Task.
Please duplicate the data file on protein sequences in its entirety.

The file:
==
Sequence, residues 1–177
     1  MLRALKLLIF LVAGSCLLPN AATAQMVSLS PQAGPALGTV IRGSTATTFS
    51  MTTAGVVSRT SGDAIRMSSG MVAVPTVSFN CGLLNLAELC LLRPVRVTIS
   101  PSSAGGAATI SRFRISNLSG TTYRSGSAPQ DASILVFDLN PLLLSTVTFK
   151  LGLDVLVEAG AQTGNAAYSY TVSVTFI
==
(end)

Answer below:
Sequence, residues 1–177
     1  MLRALKLLIF LVAGSCLLPN AATAQMVSLS PQAGPALGTV IRGSTATTFS
    51  MTTAGVVSRT SGDAIRMSSG MVAVPTVSFN CGLLNLAELC LLRPVRVTIS
   101  PSSAGGAATI SRFRISNLSG TTYRSGSAPQ DASILVFDLN PLLLSTVTFK
   151  LGLDVLVEAG AQTGNAAYSY TVSVTFI